Dan, a producer at the BBC, returned from a holiday in Mexico on Sunday with a cold. As his symptoms became worse and he decided to seek medical advice. He quickly found himself in hospital and in an isolation ward being tested for swine flu. Since then he has been giving us updates on his condition.
WEDNESDAY 29 APRIL
I left hospital on Tuesday afternoon and although I am still very bunged up, I feel much better. Last night I slept for 13 hours and I feel very rested.
It was a relief to leave hospital. The staff came to say goodbye and for the first time they were not wearing masks. It was real pleasure to actually see their smiling faces rather than their concerned expressions.
I have a page of results from the clinical tests and they are all negative. I am still awaiting the results of two final swab tests. They have to come back from the Centre for Infections in Colindale, north London. Apparently the people there have been inundated with requests but I hope to get those results later today.
I have now got to wait seven days before I can go back to work which will be frustrating, but is probably for the best. At least it will give me time to get over my man flu!
TUESDAY 28 APRIL
I went on holiday to Tulum in Mexico with my wife. We hadn't seen any sick people in our resort. In fact, the first time I learnt about it was when a colleague from work texted me to say "Hope you are having a great holiday- don't come back with swine flu!" It was only then that I checked the web and found out what had been happening.
The people in Tulum seemed fairly relaxed about everything. I spoke to some hoteliers who thought the problem seemed to be relatively contained in Mexico City although they were worried about the potential effect on tourism, particularly from the USA.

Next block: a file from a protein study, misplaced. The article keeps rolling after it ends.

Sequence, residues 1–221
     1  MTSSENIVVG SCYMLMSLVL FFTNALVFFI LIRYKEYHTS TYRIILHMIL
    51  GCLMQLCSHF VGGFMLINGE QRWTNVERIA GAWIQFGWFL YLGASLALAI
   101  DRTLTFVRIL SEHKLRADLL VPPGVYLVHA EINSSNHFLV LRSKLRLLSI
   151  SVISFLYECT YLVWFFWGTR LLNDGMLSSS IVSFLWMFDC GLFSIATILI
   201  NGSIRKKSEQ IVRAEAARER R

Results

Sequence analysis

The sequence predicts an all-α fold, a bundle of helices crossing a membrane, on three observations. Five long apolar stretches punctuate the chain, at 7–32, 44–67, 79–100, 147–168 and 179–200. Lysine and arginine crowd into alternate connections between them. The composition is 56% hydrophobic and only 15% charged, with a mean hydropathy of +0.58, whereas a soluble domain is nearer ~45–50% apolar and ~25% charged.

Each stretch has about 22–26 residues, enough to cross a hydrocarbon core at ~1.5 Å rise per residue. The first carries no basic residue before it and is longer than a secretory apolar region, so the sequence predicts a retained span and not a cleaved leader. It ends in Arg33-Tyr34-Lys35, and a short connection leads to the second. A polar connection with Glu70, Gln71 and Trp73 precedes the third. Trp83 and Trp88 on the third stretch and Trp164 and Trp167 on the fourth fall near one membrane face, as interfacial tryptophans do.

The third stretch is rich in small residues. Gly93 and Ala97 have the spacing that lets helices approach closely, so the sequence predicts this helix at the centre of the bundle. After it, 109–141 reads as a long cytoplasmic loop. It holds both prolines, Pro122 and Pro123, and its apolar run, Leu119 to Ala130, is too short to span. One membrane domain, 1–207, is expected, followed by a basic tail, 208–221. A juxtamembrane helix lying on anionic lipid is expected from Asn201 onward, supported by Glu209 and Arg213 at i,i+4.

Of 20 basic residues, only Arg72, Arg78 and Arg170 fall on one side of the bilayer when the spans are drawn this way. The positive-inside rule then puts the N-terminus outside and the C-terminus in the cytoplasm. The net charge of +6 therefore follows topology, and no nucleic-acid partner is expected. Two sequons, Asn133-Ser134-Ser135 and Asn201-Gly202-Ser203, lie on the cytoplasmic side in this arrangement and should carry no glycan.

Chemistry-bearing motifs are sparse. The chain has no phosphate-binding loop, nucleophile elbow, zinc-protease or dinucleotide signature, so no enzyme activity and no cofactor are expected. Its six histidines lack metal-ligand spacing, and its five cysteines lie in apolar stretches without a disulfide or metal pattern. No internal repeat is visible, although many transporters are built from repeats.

When we arrived at the airport we saw people wearing face masks. In fact groups of American tourists were standing around taking photos of each other in their masks.
The flight back takes around ten hours and during this time there was a heightened sense of unease whenever anyone sneezed or coughed. When we landed a doctor came onto plane and asked anyone to come forward if they felt unwell or had fluey symptoms. Towards the end of my holiday I had caught cold. As it was just a cold I didn't go forward and in fact only one person on the plane did.
When we left the plane we were stopped by journalists who were asking us whether we had been ill. There was a sense of paranoia and a real appetite for any evidence of a further spread of the disease.
When I got home I started to feel worse. I began to get concerned because I take medication for arthritis and have a weaker immune system. I called NHS Direct and explained my circumstances to them. Eventually I spoke to a doctor who said it's unlikely you have swine flu but let's be careful and send you to hospital to get checked, just in case.
I went into A&E and as soon as I arrived I was taken into a room where a nurse with a face mask took my temperature and blood pressure. I then went to a separate area of A&E to see a gastro-enterologist. I had a series of blood tests, they took some throat swabs and gave me a chest x-ray. This was connected to my arthritis drugs which can leave me susceptible to pneumonia. I was then moved into a private room to await the results.
I'm still in hospital now. I have had some more examinations. I saw a microbiologist today and I am just waiting for the results of one swab to come back. The doctors are now 95% sure I don't have swine flu but I am just waiting on the final result for the all clear. I have always believed I just had a bad cold.
I haven't had any visitors apart from my wife who was also on holiday with me. She's fine but she has been told not to come into work until we have all the results.
I have been impressed by the level of care I have received. It's been a very slick operation from the outset, and I have had constant attention. Everyone has been taking precautions, using masks and gloves and there has been a real sense of diligence in dealing with a potentially contagious disease.